Significance of actions for individuals with dementia

When someone has dementia, their cognitive function may decline, but they still have skills and a desire for engagement. In fact, doing as much as possible at their current skill level keeps them active and can even help them maintain their skills longer.

There are four main reasons why activities are so important.

1. Slowing down the decline: As the saying goes, “use it or lose it”. If you continue to do as many activities and daily tasks on your own as possible, it will benefit people with dementia. Instead of automatically helping someone with a task, we should adjust activities as needed so they can do as much as possible for as long as possible. This can help them maintain their skills and stay active longer.

2. Create a daily structure: People with dementia cope best with a consistent daily routine. Having structure in the day gives the necessary predictability and stability when your mind makes you feel disoriented or confused.

3. Conveys a sense of productivity: As dementia progresses, people with dementia may become less capable and often feel a burden. Helping them participate in everyday tasks and activities can lift their spirits and improve the quality of life.

4. Reduce challenging behaviors: Activities can also reduce common expressions of behavior such as excitement, repetitive questions, and anger. This can help keep them occupied and allow them to use their energy in positive ways.

People with different stages of dementia may need different levels of support with activities. Overall, the goal of the activity is the process, not the result.

1. Preparation: Prepare the activity for your loved one. For example, you can help them brush their teeth on their own by putting toothpaste on their toothbrush and placing it next to the sink.

2. Supervision: If your loved one needs a little more help, set up the activity and then stay close but encourage them to do it themselves.

3. Prompt: You may need to help with the prompt so that your loved one does not become frustrated. If they get stuck, point out the next step, give them an item they need, or ask what the next action is.

4. Direct verbal cues: If prompting is not enough, you may need to guide them with brief instructions so that you have enough time to go through each step. For example: “Pick up the washcloth … turn on the tap … put the cloth in the water … turn off the tap … squeeze water out of the towel … wipe your face.”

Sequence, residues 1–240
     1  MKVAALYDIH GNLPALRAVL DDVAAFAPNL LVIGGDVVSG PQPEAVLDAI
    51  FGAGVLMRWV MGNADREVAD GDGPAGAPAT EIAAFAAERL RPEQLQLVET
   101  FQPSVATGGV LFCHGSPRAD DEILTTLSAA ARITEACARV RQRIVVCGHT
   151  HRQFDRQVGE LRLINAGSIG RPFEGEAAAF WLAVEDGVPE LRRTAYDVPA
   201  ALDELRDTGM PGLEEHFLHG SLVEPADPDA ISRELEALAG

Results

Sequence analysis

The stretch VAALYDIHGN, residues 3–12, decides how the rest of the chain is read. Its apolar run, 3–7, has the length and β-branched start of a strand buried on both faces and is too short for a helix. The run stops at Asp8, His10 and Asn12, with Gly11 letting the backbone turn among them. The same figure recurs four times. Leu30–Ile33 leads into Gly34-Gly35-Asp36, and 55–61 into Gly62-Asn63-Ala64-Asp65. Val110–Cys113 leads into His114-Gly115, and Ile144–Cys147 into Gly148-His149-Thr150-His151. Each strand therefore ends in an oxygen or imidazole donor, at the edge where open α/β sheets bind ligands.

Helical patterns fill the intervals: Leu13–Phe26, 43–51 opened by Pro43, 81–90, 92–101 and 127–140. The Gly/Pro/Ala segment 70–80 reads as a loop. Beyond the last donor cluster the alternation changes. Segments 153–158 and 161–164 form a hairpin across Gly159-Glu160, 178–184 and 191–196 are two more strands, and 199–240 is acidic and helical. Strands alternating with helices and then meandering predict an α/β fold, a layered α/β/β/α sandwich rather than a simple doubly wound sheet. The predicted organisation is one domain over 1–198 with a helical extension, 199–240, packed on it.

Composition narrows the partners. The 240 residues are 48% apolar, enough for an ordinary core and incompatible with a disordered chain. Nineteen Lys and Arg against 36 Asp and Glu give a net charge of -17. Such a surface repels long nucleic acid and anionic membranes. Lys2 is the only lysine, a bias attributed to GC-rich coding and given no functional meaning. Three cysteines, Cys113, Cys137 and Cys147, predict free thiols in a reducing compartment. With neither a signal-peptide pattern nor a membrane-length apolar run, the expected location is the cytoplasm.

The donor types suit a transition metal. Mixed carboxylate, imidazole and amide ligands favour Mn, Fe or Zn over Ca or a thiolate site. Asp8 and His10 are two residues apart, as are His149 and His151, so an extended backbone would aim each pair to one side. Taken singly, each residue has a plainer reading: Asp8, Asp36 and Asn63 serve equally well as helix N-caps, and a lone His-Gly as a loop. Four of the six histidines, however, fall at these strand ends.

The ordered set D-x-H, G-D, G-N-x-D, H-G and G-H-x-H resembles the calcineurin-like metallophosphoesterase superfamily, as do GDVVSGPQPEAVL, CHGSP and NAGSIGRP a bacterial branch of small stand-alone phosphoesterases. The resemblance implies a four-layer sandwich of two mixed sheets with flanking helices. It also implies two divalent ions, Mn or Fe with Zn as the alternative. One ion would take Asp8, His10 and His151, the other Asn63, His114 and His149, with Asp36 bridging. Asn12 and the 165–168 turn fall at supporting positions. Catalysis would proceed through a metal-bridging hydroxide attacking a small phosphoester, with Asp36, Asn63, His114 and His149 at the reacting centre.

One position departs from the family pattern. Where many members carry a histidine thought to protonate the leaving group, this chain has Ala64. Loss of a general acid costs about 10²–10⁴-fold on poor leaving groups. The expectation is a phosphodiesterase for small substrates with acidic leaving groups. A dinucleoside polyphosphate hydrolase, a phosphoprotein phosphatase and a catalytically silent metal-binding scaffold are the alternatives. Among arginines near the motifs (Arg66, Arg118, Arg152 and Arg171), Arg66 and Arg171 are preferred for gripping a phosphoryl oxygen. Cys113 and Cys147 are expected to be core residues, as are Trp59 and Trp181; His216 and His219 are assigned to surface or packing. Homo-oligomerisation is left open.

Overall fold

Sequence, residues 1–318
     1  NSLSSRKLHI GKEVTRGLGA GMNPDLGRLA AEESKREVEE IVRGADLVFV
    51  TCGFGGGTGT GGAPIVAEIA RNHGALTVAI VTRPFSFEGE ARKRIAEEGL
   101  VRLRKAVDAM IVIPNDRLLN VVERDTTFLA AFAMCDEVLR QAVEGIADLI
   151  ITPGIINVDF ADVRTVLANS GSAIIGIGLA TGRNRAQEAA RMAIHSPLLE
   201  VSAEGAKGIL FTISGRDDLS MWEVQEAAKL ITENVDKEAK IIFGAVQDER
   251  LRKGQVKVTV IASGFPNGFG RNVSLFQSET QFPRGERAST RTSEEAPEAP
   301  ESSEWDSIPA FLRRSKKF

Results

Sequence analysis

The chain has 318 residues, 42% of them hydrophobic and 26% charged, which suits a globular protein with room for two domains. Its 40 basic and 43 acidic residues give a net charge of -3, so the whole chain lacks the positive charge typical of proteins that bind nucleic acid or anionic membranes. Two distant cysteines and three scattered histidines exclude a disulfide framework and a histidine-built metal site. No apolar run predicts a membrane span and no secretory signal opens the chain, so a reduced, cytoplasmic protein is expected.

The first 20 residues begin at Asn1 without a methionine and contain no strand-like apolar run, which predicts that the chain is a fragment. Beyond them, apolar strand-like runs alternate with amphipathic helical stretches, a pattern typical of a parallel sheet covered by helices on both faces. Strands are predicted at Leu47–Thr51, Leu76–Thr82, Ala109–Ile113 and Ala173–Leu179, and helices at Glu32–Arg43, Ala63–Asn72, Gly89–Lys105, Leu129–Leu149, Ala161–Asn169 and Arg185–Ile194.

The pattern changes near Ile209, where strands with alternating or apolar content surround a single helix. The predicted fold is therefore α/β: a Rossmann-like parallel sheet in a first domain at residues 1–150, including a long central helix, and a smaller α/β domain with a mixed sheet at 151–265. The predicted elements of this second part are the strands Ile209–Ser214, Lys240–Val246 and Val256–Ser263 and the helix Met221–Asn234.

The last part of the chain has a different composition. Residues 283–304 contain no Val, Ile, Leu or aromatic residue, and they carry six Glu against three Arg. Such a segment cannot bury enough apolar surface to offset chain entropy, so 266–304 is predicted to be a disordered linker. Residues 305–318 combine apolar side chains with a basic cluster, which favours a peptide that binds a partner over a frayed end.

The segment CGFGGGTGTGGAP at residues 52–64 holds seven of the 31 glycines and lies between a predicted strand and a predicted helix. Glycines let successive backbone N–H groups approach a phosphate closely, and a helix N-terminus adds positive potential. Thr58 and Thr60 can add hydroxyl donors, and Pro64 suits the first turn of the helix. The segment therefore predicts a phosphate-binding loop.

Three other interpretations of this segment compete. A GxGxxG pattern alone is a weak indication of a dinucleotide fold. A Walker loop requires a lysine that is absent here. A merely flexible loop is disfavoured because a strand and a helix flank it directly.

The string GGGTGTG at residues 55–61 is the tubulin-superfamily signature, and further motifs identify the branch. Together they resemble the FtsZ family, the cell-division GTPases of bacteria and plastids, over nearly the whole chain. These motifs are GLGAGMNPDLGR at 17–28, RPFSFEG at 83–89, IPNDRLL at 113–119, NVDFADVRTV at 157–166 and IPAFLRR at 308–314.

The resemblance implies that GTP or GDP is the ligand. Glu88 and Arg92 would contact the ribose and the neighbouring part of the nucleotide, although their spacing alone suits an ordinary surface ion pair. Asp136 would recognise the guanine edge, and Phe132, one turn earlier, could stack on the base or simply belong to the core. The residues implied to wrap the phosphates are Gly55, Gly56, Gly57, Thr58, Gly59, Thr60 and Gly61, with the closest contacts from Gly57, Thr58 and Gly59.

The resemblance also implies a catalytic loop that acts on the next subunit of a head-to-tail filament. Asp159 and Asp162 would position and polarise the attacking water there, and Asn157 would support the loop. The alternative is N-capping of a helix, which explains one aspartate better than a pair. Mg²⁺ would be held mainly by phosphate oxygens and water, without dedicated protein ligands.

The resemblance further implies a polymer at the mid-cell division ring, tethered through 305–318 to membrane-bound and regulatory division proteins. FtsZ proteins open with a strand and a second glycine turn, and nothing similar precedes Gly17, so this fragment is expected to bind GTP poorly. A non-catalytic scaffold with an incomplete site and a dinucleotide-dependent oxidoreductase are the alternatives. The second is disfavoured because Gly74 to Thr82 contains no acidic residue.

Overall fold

5. Physical support: If your loved one can still manage the task physically but needs physical help, you can gently guide their actions. For example, when they are washing dishes, you could put your hand over theirs and instruct them to rub the dishes gently with the sponge.

When planning an activity for people with dementia, do you consider what they love to do today, what they used to love to do, what they can do, what they did for a living, what makes them meaningful, and what are you in the mood for?

Below are a few activities that you can try.

Take a walk, plant flowers, water plants, feed the birds, sweep the porch, listen to music, check out photo albums, play dominoes, solve a puzzle, give a hand massage, give one Manicure, bake biscuits, set the table, wash and dry the dishes, put away cutlery, cut out coupons, thread pearls, make greeting cards, fold towels, knock balloons, stretching exercises, arranging flowers, playing cards and much more.

You can find more ideas at www.caregiverresource.net/tags/alzheimer-s-demenz.

When you start to notice changes in memory, finding early detection is key. Senior Services offers a variety of memory assistance programs, including confidential memory screenings to help maintain a cognitive baseline, early memory loss programs, and educational courses along with support from Seasons Adult Day Health Services. If you or someone you know is experiencing progressive changes in their memory and could benefit from additional services, call Amy Sheridan, Family Support and Activity Manager, at 989-633-3764.

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